ROI in storytelling

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ROI in storytelling

ROI is generally defined as ‘Return on Investment’ and almost always concerns ideas of business and finance. Let me put a slant on this for you – have you ever wondered about how much ‘return’ you would get if you invested in acquiring knowledge from storytelling? Imagine having a wealth of stories to give examples when you are tying to explain something complicated? Imagine reading about the past and in the process get inspired to find new ideas? Stories from all over the world are full of intrigue, suspense, espionage and pure entertainment.

Let me introduce to you 7 stories from two ancient epics that portray love, rules of war, polygamy and polyandry, ‘upstairs, downstairs’, good parenting, gambling and all its ill effects and the real return on investment.

Story Number 1 – Love

In the Indian epic, The Ramayana, Prince Rama is sent into exile for 13 years. His devoted wife, Sita joins him there. However, bad luck befalls them and Sita is abducted by the King of Lanka, Ravana. Now, Prince Rama goes in hot pursuit of his wife and enlists the help of the monkey race. Together, they defeat Ravana, and Sita is rescued.

Story Number 2 – Rules of War

Today, there is much talk of war – war in Iraq, civil way in many African nations and even small factions in Russia, terrorist attacks in many parts of Asia. Ever wondered what the rules of war are?

In the Indian epic, The Mahabharat, there was a great war fought at Kurukshetra. Prior to battle commencing, the rules of warfare were laid out as follows:

  • Each day the battle was over at sunset, and the hostiles mixed freely like friends.
  • Single combats might only be between equals and one could not use methods not in accordance with dharma (concept of duty). Thus those who left the field or retired would not be attacked.
  • A horseman could attack only a horseman, not one on foot.
  • Likewise, charioteers, elephant troops and infantrymen could engage themselves in battle only with their opposite numbers in the enemy ranks.
  • Those who sought quarter or surrendered were safe from slaughter.
  • Nor might one, for the moment disengaged, direct his weapons against another who was engaged in combat.
  • It was wrong to slay one who had been disarmed or whose attention was directed elsewhere or who was retreating or who had lost his armour.
  • No shafts were to be directed against non-combatant attendants or those engaged in blowing conchs or beating drums.

Story 3 – Polygamy and polyandry

Polygamy is the practice of having more than one wife. Polyandry is the practice of having more than one husband. Now in The Mahabharat, the two main female characters were both Queens – the first was Queen Kunti and the second was here daughter-in-law. Kunti was one of the two wives of King Pandu. Nothing very surprising about this. But her daughter-in-law, Draupadi, was the wife of all of Kunti’s five sons!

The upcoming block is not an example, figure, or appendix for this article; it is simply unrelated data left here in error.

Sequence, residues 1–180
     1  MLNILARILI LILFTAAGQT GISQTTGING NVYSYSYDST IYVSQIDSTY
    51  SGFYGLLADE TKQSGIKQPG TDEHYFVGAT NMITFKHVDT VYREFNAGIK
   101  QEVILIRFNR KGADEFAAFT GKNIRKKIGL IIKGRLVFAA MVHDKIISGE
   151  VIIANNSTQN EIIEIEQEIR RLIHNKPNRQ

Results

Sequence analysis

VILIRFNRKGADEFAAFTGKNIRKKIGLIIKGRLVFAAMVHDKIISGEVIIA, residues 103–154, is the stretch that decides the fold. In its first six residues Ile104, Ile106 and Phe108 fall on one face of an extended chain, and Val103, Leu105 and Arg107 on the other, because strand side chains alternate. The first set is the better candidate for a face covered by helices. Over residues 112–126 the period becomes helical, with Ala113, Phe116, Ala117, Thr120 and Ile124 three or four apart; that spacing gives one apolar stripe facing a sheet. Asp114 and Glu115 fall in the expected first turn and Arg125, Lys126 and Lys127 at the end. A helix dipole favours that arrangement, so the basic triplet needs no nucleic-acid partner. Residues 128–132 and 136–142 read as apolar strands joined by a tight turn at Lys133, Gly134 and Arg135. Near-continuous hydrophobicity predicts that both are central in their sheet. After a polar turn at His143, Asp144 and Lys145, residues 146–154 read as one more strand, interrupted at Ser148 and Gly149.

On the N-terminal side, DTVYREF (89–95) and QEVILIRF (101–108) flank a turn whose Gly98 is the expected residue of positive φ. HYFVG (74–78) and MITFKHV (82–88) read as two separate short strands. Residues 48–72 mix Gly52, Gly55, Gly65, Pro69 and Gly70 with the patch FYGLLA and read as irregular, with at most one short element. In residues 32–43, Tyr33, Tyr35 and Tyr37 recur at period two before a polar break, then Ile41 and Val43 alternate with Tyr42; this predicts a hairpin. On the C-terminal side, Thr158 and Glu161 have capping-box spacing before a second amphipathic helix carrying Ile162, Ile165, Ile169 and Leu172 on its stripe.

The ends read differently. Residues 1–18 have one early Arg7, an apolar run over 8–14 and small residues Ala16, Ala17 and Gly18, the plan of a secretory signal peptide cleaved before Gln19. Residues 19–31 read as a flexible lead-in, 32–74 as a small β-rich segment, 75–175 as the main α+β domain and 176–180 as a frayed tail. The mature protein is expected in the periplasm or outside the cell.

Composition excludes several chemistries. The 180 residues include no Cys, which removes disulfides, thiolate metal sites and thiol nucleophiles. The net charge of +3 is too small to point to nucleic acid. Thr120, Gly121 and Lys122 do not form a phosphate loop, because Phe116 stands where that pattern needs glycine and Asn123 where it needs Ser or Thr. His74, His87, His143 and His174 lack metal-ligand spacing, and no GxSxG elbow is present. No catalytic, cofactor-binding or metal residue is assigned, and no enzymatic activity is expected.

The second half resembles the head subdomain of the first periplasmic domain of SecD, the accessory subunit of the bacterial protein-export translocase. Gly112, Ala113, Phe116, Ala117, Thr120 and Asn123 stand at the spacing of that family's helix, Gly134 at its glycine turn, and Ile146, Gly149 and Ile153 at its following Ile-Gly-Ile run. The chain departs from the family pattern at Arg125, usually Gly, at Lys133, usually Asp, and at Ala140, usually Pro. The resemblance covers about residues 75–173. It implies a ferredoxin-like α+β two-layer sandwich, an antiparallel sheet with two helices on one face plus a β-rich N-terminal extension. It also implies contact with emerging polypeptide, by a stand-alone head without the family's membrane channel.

Story Number 4 – Upstairs, Downstairs

The caste system has its origins with the Aryan people. They were nomadic warriors how began to settle in India on or about 1500BC.

The Aryans divided their society into separate castes. Castes were unchanging groups. A person born into one caste never changed castes or mixed with members of other castes. Caste members lived, ate, married, and worked with their own group.

At the top of the caste system were the Brahmin – the priests, teachers, and judges. Next came the warrior Kshatriya caste who were mainly the nobility and ruling classes. The Vaisya’s consisted of farmers and merchants and the Sudras, was composed of craftworkers and labourers.

Is this so very different from the difference aristocracy and the working class? What about the upper middle class and the lower classes?

Story Number 5 – Good Parenting

In the Mahabharat, the great war is between two factions a ruling family. The father of the ‘baddie’ is a blind King. Throughout the epic, the blind King is constantly counseled by his advisors that he should discipline his son. Unable to do so, the blind King gives in to every wish of his child. This weakness on his part eventually leads to the destruction of his entire family!

Story Number 6 – Gambling and its ill effects

In the Mahabharat, Yudhisthira, is bound by the code of Kings to play a game of dice when invited to do so. Unfortunately, not at all adept at it, he loses. But what he stakes over and over again are not only his personal possessions but eventually members of his family including his wife, brothers and eventually his kingdom! He loses it all.

Story Number 7 – Real Return on Investment!

The apostle Paul in Galatians says: “Do not be deceived: God cannot be mocked. A man reaps what he sows” (Galatians 6,7). This is very simply, a reward for anything at all can only be reaped if effort is put in. In Indian mythology, this is, in very general and simple terms, the concept of karma!


Aneeta Sundararaj is a published author and established writer for magazines, newspapers and journals. She created, developed and manages this website.


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